Tale of two neonicotinoid bumble bee studies—And how science can be massaged

September 26, 2017

From: Genetic Literacy Project


The ‘other’ study

Only this time, on the very same day that Nature published Gemma Baron’s team’s study, it also published a study by Dara Stanley, also teamed with Nigel Raine. More prosaically titled, ‘Bumblebee colony development following chronic exposure to field-realistic levels of the neonicotinoid pesticide thiamethoxam under laboratory conditions,’ this study subjected different groups of mature Bombus terrestris colonies to two different neonic exposure levels—2.4 ppb and 10 ppb—or up to 27 days. The study didn’t benefit from advance press advisories—and predictably, unlike its sister study, it was not heavily promoted by Guelph and received no press attention.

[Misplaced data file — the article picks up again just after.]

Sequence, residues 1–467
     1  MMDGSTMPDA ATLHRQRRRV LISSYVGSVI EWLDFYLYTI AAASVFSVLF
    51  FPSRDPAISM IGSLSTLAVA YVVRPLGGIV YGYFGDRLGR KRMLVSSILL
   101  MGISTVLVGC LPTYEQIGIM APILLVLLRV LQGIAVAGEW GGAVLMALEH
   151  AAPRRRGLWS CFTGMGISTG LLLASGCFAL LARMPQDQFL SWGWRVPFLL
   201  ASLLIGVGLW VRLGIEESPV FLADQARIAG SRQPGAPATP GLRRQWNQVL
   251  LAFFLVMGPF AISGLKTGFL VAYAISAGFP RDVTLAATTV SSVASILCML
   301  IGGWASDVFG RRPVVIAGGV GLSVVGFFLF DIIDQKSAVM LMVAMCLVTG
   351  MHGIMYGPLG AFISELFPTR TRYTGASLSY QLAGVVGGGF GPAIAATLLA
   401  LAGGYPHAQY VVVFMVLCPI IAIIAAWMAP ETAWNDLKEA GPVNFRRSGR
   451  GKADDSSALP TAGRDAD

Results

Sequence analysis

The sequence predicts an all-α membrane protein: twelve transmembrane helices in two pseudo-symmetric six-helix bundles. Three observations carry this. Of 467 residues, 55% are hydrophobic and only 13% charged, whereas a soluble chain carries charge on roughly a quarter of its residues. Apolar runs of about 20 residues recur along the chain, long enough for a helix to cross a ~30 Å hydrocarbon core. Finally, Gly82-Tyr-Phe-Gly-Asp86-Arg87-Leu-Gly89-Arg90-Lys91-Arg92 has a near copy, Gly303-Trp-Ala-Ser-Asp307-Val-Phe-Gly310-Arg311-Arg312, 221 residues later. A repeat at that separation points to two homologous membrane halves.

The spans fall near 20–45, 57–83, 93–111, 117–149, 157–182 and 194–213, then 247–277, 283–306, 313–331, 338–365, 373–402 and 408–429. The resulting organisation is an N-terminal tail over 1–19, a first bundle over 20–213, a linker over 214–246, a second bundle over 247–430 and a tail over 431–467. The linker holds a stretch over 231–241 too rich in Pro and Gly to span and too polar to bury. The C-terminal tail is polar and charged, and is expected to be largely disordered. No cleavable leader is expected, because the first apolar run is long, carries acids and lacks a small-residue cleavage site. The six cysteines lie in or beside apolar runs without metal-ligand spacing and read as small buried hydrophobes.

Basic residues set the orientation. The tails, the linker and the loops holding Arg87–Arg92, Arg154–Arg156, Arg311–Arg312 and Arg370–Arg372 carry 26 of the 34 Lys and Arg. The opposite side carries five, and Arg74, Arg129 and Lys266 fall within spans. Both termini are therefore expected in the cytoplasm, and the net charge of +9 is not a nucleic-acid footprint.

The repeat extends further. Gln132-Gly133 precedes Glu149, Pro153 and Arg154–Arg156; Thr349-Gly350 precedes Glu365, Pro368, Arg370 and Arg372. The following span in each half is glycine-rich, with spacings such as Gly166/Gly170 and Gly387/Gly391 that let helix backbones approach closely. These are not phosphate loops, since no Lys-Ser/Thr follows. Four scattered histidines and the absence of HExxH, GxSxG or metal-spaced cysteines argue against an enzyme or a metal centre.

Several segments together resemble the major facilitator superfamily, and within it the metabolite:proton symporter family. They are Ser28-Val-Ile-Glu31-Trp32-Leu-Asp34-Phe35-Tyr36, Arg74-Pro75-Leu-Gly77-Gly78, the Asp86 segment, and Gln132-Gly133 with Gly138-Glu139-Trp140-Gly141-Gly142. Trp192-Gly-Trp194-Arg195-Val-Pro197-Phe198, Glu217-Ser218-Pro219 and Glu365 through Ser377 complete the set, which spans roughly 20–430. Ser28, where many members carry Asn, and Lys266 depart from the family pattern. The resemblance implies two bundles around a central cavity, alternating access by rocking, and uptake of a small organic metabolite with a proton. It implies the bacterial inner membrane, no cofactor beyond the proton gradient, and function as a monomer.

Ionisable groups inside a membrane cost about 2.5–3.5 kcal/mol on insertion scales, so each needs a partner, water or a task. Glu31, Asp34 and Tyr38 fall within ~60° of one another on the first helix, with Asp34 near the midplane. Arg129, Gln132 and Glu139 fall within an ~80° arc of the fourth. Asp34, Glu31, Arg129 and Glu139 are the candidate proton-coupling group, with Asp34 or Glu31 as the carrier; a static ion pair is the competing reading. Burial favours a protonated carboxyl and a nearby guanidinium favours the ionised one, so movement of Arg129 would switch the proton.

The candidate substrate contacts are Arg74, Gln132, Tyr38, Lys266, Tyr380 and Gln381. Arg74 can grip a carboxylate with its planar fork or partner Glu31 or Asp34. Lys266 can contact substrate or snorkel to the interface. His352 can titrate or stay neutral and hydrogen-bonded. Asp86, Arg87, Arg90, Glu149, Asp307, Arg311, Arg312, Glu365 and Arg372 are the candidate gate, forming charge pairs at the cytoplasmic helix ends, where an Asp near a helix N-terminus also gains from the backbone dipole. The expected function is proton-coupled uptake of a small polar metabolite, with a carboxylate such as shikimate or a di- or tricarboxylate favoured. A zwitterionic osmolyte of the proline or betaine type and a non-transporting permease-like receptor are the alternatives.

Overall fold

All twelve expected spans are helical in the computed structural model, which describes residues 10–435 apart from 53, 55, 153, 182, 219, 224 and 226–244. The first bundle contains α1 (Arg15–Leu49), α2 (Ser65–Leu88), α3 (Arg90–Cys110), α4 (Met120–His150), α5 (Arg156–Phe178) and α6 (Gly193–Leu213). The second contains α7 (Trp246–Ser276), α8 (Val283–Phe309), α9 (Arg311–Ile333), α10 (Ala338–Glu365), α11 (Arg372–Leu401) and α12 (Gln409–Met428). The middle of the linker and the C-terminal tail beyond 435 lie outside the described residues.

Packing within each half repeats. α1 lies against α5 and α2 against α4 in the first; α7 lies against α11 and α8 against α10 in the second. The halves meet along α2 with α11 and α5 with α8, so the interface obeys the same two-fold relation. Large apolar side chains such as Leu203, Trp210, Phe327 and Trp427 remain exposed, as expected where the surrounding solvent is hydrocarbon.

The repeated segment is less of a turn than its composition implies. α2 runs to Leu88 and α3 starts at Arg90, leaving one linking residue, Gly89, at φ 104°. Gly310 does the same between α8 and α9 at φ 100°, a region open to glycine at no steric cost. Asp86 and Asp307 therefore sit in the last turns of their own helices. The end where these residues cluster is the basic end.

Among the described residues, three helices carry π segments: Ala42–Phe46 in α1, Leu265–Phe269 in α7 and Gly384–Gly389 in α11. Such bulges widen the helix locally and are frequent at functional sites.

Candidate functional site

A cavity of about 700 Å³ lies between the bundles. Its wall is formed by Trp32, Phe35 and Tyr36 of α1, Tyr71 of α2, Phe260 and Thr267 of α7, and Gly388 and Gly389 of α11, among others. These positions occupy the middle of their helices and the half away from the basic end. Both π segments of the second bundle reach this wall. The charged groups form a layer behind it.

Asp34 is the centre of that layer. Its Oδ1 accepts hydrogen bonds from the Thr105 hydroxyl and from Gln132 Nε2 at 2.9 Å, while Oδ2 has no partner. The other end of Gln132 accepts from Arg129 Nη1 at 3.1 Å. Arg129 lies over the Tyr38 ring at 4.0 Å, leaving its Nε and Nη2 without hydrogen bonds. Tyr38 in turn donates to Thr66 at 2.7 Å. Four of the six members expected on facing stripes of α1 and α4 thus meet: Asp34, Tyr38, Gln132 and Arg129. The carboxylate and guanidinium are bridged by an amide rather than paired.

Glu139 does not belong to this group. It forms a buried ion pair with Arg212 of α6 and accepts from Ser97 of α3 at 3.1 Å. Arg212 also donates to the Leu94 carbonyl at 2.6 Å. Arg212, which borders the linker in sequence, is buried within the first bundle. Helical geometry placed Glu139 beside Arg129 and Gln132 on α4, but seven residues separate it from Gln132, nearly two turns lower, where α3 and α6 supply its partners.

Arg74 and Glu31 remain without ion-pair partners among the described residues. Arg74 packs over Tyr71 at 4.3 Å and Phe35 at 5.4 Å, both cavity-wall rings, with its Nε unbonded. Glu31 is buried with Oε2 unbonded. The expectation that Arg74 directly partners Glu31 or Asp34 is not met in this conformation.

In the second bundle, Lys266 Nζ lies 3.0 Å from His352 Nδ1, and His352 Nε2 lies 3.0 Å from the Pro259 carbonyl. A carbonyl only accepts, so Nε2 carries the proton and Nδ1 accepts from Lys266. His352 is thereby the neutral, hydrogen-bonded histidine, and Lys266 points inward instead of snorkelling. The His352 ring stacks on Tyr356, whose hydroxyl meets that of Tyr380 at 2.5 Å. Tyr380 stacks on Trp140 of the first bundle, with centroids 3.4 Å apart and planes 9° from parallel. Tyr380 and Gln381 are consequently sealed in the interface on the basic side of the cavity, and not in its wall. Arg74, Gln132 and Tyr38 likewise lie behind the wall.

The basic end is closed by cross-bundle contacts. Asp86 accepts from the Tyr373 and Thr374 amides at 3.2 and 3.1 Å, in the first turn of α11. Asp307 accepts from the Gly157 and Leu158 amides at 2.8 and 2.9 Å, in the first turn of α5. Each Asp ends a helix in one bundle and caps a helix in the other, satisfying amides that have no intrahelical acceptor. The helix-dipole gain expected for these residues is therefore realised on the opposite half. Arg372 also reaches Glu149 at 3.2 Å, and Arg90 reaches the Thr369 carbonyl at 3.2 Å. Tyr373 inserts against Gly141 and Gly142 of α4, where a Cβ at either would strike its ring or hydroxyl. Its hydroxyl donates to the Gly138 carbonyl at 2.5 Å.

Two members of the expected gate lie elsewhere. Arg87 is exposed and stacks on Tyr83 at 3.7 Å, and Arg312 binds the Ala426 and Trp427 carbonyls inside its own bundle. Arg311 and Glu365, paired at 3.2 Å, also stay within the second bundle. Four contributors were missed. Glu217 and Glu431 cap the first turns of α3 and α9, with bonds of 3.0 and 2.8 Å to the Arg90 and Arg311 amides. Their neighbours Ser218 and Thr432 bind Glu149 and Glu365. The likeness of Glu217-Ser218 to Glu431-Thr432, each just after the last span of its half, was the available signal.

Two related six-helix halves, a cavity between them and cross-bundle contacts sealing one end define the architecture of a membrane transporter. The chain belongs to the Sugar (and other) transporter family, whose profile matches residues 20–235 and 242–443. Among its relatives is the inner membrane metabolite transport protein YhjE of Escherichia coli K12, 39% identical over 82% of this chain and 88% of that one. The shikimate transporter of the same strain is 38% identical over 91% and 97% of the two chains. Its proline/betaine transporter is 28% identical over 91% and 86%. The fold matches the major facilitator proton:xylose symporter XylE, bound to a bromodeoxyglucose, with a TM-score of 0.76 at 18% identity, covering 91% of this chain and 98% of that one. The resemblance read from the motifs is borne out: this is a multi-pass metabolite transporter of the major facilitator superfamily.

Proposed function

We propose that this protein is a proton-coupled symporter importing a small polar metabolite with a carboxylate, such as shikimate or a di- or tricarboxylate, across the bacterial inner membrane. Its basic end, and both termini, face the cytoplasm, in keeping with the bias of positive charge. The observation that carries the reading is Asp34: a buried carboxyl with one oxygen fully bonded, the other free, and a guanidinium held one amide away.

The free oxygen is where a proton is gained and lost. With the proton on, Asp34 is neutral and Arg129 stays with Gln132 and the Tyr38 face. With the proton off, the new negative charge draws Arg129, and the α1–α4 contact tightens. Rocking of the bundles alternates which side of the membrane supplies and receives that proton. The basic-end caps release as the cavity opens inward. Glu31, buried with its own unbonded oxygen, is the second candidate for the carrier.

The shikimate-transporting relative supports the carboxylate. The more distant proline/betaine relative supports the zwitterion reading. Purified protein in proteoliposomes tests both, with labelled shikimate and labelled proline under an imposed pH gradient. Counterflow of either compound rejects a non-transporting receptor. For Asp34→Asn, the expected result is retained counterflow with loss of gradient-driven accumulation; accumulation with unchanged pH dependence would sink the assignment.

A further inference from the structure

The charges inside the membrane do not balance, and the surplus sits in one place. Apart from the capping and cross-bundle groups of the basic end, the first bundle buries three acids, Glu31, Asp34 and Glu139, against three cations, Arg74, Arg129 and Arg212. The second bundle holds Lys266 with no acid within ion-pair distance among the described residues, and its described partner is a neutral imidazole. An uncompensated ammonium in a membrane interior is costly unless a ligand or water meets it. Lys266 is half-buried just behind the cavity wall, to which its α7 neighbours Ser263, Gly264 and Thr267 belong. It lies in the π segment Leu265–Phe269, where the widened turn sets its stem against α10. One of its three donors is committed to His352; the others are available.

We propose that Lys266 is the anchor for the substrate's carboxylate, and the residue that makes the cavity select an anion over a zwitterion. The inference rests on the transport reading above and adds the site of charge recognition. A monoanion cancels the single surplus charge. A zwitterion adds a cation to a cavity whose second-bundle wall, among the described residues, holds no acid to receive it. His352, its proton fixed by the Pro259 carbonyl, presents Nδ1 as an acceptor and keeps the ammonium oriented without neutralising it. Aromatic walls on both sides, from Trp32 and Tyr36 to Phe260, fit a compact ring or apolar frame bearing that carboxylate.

Could it be because its conclusion was remarkable, but in a different way—the study identified no negative effects. “We found no impact of insecticide exposure on colony weight gain or the number and mass of sexual produced, although colonies exposed to 2.4 ppb produced larger males.”

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